In our Africa society today some ancient food still have both cultural, social and economic value in our communities.
In Kamba tradition “Mukio” a well fermented porridge is a gateway to dowry negotiation in Kamba community. It is a compulsory necessity during dowry negotiation.
Mukio is made from dry maize, millet or sorghum which are soaked in water for some time probably for a day and then grinded to make a thick wet flour using a specific stone known as Nthiio or a tool typical of a mortar and pestle only that it is large in size. The tool is popularly known as Ndii.
The thick wet flour is left to be cooked the following day for fermenting purposes. A measured amount of water is added and stirred and then placed on the fire to boil to form the porridge. Sugar is added upon being ready. The Mukio may last for a few days without going bad.
Muthini Musango, an elderly woman from Mutomo sub-county told KNA that it is a must for the bridegroom’s family or clan to carry Mukio with them during dowry negotiation ceremonies.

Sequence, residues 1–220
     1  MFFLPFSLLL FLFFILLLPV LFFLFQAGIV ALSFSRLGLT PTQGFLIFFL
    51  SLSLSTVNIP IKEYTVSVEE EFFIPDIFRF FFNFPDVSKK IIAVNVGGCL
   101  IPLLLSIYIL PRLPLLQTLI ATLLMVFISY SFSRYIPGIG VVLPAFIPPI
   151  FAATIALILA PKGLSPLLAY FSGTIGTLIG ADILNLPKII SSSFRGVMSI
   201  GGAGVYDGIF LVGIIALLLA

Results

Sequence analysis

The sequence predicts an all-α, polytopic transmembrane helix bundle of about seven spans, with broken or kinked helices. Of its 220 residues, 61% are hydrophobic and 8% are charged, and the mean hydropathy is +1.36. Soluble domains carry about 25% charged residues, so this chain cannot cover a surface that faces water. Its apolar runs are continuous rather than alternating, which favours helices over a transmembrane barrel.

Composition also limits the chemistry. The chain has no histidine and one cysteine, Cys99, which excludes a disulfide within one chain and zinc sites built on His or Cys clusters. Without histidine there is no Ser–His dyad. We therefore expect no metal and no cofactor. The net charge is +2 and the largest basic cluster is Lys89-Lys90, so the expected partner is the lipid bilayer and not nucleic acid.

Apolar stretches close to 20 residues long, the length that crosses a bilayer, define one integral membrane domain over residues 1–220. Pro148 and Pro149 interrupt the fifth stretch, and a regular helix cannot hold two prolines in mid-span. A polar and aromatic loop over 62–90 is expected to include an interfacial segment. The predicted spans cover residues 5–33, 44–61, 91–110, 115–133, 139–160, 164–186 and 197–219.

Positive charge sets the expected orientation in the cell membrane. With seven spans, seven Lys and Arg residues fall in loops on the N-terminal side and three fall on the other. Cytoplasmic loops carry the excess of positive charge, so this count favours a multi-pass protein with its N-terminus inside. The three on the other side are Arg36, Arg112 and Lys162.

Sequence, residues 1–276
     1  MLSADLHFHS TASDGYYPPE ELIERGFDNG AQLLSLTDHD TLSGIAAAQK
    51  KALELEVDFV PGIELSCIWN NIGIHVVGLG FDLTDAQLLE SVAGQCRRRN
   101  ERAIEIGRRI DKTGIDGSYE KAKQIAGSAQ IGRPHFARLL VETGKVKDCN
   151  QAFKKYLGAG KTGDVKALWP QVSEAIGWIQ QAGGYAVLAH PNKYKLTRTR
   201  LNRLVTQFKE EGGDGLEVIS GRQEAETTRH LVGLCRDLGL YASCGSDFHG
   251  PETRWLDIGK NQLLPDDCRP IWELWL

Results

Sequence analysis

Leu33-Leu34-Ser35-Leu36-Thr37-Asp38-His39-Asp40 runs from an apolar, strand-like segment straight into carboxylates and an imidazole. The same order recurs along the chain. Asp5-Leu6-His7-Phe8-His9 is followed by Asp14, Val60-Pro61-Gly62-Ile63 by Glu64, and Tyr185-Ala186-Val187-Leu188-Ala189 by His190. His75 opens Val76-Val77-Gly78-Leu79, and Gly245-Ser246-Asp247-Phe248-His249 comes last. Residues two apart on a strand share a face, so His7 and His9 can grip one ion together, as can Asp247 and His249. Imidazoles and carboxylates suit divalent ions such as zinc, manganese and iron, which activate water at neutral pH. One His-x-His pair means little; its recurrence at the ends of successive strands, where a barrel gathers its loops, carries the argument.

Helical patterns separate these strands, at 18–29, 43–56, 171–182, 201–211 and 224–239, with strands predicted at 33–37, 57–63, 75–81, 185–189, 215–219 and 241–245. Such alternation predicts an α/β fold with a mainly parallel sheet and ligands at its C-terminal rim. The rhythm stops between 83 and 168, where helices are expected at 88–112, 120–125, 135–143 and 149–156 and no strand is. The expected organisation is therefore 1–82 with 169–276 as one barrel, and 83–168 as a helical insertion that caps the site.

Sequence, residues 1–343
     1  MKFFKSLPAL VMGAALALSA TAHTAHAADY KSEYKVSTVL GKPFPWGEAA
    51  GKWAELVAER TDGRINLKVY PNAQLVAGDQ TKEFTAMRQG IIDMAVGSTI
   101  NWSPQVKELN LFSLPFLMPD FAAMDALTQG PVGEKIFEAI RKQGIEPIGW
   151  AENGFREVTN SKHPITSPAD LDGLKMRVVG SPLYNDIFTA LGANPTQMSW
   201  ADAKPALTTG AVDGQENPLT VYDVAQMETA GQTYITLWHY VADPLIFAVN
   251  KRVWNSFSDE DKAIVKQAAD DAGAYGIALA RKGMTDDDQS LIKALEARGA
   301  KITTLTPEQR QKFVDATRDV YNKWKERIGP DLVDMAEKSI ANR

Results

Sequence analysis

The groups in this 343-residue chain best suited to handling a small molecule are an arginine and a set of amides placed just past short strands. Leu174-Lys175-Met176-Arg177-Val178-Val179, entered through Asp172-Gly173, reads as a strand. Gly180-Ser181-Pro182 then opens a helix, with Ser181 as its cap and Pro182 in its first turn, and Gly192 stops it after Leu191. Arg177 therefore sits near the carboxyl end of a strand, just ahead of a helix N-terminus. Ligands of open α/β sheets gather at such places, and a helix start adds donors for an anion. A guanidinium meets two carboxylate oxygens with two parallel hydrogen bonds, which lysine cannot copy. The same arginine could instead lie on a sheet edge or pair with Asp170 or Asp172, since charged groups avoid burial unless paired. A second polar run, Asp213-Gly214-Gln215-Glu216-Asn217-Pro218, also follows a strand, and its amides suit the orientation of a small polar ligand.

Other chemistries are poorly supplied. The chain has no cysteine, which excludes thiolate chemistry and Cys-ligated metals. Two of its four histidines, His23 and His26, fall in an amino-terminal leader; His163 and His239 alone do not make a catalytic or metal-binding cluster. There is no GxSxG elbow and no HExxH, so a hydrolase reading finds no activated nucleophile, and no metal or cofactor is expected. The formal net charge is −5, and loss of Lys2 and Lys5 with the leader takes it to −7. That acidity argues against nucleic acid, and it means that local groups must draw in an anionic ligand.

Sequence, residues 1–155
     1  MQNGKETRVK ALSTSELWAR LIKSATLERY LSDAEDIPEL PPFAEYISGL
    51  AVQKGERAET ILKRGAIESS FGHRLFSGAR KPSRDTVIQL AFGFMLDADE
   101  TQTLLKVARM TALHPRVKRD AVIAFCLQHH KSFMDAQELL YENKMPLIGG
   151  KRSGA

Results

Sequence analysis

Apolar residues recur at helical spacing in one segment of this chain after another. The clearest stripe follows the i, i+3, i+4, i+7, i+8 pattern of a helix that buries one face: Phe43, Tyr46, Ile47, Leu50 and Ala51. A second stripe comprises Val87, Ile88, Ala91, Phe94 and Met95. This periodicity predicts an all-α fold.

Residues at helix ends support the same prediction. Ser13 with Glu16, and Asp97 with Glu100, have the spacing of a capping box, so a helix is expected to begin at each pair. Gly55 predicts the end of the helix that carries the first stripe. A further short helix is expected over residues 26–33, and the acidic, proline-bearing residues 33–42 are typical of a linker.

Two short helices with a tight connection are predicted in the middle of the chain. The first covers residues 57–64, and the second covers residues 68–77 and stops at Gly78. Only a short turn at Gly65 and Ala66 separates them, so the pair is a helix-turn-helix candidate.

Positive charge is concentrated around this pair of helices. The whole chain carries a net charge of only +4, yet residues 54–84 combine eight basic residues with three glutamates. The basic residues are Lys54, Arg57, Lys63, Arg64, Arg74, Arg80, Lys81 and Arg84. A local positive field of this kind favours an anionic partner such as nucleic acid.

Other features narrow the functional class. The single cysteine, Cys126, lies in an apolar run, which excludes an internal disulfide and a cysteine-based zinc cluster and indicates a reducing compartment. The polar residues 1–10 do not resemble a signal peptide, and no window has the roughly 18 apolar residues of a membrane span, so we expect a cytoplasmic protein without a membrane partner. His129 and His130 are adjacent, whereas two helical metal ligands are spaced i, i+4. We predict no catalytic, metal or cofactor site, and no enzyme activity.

“Mukio is served to everyone present at the event as a symbol that they bless the union,” Musango explained.
Musango added that Mukio is as important as traditional beer, famously known as “Karubu” by the locals. The bride has to serve her father or the elder standing in place of the her father. She is required to make a promise through the way of addressing her father that she will never disappoint him or bring disgrace to the clan.
The rest of the karubu is taken by men who in turn bless the marriage.
Mukio is still prepared in many Kamba households where it is considered as a healthy breakfast.
“It is very suitable in the morning before leaving for daily duties. It is also served to those who come back home after a long stay maybe in town as a welcoming drink. Women also make it for their husbands as an act of appreciating them,” said Musango.
Ndinda Kiema who is also an elderly woman in Kibwea location confirmed that it is also a special gift prepared for anyone who is sick as a message of quick recovery.
“Mukio is made for those who are sick to wish them quick healing. Those who have regained health after an illness are also made the porridge to celebrate the good health. In addition, mothers who have delivered are also made the porridge to congratulate them,” said Kiema.
Kiema further added that Mukio is also made for people one adores. An example is where a grandchild makes it for the grandparents when paying them visit. This simply indicates how much the grandchild adores her grandparents.
Kambas still have other fine dishes that were main meals of the past yet are still cherished today. An example is Kinaa.Kinaa grinded to make green ugali called Kitumuki by the locals. This is a tasty meal especially when served with fermented milk.